With 75 percent of Western Massachusetts experiencing drought conditions, it’s beyond time to take water restriction and conservation seriously.
As of press time, 16 Pioneer Valley communities are experiencing residential water use restrictions — the strictest being mandated in Amherst, Easthampton, and Southwick.
But there should, perhaps, be more communities seeking to get their residents to reign in water use.
Longmeadow and Wilbraham residents use the most water per person, per day — consuming more than 90 gallons of water each — compared to 29 other medium and large communities in Western Mass, according to a 2014 water use survey by Tighe and Bond in Westfield.
In the U.S., the average person uses 80-100 gallons of water per day, according to the U.S. Geological Survey. Locally, however, the average person is more conservative with their water, using about 58 gallons per day. Still, the World Health Organization says a single person can get by on 5 gallons of water per day for consumption, cooking, and cleaning.
To reduce water use in your life, check out these recommendations from the Massachusetts Executive Office of Energy and Environmental Affairs.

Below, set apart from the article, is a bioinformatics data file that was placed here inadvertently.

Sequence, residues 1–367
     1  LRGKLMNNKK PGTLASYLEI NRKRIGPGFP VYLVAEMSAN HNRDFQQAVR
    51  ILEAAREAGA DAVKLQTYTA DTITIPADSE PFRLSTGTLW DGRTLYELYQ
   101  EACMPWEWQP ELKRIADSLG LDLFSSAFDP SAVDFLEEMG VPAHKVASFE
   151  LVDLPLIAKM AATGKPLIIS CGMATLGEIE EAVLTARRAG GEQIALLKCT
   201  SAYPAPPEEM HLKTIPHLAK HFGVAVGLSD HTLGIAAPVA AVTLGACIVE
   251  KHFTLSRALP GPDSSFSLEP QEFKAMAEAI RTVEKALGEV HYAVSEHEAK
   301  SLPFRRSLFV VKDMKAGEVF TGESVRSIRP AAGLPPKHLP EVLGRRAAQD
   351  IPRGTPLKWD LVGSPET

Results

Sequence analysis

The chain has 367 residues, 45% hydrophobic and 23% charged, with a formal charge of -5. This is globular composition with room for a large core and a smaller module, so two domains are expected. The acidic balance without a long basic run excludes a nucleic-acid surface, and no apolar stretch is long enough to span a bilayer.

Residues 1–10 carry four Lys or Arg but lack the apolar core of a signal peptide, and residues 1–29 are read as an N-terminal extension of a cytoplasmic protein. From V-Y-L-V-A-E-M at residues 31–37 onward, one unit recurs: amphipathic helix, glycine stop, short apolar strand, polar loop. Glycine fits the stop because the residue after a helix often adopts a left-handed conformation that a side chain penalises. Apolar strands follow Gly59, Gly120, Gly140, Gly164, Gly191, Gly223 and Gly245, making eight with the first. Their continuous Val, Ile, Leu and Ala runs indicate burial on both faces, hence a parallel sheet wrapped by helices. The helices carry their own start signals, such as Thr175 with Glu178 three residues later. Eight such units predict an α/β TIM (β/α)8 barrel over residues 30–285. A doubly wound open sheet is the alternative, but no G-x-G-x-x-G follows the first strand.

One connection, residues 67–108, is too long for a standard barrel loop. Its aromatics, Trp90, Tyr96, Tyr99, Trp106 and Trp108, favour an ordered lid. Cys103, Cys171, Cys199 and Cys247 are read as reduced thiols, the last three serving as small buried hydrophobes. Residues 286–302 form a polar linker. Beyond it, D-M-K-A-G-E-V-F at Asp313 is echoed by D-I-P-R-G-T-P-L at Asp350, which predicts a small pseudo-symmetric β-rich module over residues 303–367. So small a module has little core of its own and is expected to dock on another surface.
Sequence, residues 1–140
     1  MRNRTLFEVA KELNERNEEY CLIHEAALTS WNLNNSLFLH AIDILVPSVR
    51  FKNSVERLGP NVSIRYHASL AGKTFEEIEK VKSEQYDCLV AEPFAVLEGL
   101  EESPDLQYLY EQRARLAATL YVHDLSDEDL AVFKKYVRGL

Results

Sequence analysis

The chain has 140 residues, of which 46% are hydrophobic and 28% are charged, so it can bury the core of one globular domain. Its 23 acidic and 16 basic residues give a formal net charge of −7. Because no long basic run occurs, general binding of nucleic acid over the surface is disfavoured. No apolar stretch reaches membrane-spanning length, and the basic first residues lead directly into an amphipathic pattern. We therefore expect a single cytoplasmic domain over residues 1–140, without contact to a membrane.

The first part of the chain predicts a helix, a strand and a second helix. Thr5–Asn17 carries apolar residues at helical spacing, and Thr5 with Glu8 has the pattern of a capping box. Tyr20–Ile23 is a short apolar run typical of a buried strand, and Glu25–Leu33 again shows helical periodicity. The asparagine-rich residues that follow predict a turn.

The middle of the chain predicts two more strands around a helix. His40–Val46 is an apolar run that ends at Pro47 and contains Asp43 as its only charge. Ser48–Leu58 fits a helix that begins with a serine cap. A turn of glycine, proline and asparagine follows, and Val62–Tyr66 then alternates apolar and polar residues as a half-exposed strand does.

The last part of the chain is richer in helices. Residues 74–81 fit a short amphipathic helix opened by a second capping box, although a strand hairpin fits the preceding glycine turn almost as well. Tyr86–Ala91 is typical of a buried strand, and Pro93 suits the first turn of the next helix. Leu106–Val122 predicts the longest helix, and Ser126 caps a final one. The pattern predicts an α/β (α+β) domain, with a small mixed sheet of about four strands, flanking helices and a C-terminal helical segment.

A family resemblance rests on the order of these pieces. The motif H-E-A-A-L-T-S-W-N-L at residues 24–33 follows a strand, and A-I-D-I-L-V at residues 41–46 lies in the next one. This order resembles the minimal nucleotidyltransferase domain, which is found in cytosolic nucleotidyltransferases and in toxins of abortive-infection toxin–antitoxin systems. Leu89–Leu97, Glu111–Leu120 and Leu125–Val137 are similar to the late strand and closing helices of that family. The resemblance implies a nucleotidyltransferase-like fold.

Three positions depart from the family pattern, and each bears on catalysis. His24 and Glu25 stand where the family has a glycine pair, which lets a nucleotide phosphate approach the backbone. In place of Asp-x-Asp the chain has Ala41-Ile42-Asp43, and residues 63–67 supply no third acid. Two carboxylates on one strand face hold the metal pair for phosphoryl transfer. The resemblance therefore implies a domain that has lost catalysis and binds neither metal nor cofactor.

Follow local water restriction orders. Water suppliers know the limits of their system and will enact voluntary or mandatory restrictions accordingly.
Stop watering your lawn during drought conditions. Most lawns can survive extended dry periods without watering — they will turn brown, but will revive once the rain returns. Frequent light watering can actually weaken your lawn by encouraging shallow roots that are less tolerant of dry periods. Avoid watering at mid-day to prevent high evaporation and
Use cisterns or rain barrels to capture rainwater from downspouts for use in your yard. A lid, mesh fabric or several drops of baby oil on the surface will prevent mosquitoes from breeding.
Keep your mower blades sharp to prevent tearing of grass and raise your lawn mower’s blade to 2½ inch. Longer grass provides shade for the roots and helps reduce water loss.
Mulch to keep roots cool and moist.
Plan ahead to defrost foods overnight in the refrigerator. Don’t use running water. Use the microwave or put wrapped food in a bowl of cold water.
Collect all the water that is wasted while waiting for the hot water to reach your faucet or showerhead. Use this to water your houseplants or outdoor planters. Do the same with water that is used to boil eggs or steam vegetables.
Avoid using your garbage disposal. Compost leftovers fruits and vegetables.
Fix leaking faucets and toilets. Research has shown that an average of 8 percent (or more) of all home water use is wasted through leaks.
Take showers instead of a bath and save 30 gallons. Filling the bathtub uses about 50 gallons of water. If you really want to try and save water, limit your shower time to five minutes or less. Also, install a water-saving showerhead that uses two-and-a-half gallons per minute.
Wash only full loads of laundry.
Kristin Palpini can be contacted at [email protected].